Fresh grass or hay should be the mainstay of every rabbit’s diet (dried grass). Hay for rabbits has numerous advantages including maintaining a healthy gut and also maintaining dental care of your rabbit and avoiding overgrown teeth wich are a nuisance to rabbits. Its high fiber content is the essential factor in dental and digestive health. The digestive system cannot carry food through the intestines without fiber, and your rabbit’s teeth, which are constantly growing, will not wear down and may become excruciatingly long. However, It’s difficult to know which hay is the finest, and you want to make sure the hay you buy is high-quality and devoid of mildew, dust, and chemicals. Timothy and meadow hay are both simple to come by and generally inexpensive. Keep in mind that some rabbits are pickier than others, so being open to different hay varieties is intelligent.
Here are some types of hay to keep in mind when choosing rabbits hay
- Timothy Hay
Timothy hay is a cool-season grass that can weather harsh weathers such as winter. Long, hollow stalks with spikelet blooms distinguish it from legumes. Timothy hay has less protein and other minerals than alfalfa hay, yet it is sufficient for adult rabbits. Timothy hay has enough fiber and protein to keep your rabbit happy and healthy. Timothy hay is the preferred rabbit feed since it is often less expensive than other hays.
- Orchardgrass hay
Orchard hay grass is also an excellent season hay grass that is more tolerant of harsh weather such as summers and drought, unlike timothy hay. Stems and cattails develop late in the season, growing in tufts. The milder texture of this hay may appeal to sure rabbits. It has a lot of sugar and fiber but very little protein. This can also be found in hay blends as a healthy additive. The cost will vary depending on the company and might range from low to high.
- Oat hay
Oat, wheat, and barley are examples of this type of hay. It is low in protein and vitamins, fiber, and other minerals. The crispy texture of the seed husks appeals to many rabbits, and you’ll see it mixed in with other hays. Unless you buy it in a blend, it isn’t as cheap as other hays.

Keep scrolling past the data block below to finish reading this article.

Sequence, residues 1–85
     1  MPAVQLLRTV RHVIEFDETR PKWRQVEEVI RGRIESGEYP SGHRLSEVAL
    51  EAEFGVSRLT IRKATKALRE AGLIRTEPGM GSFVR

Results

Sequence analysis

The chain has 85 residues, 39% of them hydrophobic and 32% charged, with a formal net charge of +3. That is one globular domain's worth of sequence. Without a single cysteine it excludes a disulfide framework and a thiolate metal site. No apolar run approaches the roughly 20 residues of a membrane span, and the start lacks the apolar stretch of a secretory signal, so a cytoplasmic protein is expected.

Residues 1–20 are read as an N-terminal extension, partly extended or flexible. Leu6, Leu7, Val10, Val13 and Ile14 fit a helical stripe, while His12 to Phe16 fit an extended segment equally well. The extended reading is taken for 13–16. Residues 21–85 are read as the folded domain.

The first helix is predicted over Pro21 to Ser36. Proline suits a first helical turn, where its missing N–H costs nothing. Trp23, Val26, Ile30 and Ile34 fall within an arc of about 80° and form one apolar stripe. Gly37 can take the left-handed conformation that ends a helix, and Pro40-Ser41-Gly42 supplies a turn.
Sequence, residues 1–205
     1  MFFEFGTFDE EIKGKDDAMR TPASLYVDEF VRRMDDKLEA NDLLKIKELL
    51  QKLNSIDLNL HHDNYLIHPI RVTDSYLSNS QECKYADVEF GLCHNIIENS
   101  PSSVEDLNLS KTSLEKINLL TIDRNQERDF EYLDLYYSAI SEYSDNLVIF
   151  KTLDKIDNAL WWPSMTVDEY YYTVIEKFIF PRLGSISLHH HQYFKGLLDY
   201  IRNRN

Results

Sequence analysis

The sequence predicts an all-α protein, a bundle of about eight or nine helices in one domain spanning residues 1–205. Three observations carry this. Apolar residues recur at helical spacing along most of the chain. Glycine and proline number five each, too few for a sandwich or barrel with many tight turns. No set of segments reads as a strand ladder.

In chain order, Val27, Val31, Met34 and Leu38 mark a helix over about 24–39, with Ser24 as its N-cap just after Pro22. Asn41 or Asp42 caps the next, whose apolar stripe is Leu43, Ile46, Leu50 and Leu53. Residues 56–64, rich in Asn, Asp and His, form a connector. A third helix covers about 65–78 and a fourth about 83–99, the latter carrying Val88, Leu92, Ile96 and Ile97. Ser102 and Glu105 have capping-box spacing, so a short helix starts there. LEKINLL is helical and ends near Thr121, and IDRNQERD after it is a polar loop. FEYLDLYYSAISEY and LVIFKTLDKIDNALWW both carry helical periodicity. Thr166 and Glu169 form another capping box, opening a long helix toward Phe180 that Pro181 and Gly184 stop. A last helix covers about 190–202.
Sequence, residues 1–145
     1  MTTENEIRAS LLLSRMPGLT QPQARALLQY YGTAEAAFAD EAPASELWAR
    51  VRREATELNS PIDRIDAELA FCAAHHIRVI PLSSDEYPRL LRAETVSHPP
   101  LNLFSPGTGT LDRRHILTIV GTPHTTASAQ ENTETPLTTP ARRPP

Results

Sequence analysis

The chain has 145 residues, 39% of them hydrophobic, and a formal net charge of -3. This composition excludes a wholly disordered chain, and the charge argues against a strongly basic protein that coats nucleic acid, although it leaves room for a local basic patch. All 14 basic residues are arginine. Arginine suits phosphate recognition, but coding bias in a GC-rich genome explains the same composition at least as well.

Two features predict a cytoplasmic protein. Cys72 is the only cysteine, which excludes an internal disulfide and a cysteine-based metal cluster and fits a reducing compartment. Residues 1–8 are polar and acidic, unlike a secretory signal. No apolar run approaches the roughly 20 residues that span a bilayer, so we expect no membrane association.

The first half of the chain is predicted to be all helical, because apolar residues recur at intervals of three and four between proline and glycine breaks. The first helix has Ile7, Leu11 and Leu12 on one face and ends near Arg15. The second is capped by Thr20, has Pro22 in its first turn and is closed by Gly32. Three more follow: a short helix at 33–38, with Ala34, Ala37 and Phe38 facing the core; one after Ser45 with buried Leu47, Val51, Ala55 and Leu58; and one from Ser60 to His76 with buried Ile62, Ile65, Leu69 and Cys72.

- Herbal hay
Herbal hay is made out of hay mixed with herbs like dandelion or chamomile. Timothy hay is a common ingredient in herbal hay mixtures. Rabbits enjoy foraging, so herbal hay is a suitable alternative if you can’t give foraging options. Clover, hibiscus, lavender, rose, and elderflower makes excellent additions to this hay. Herbs are rich in vitamins and minerals, and they may also be used to treat a variety of diseases. Keep in mind that not all herbs are suitable for rabbit consumption. The use of herbs does not increase the price of this hay when compared to others, though.
- Meadow hay
Meadow hay is a blend of grass hays that provides your rabbit with a range of textures and flavors. Other plants, as well as residues and stone, may be present in the combination. As a result, depending on the type of grass cultivated, the protein and calcium levels might vary. On the plus side, meadow hay is frequently less expensive. If you buy this hay, make sure you know where it comes from and what’s in it; otherwise, you’ll have no idea what you’re feeding your rabbit.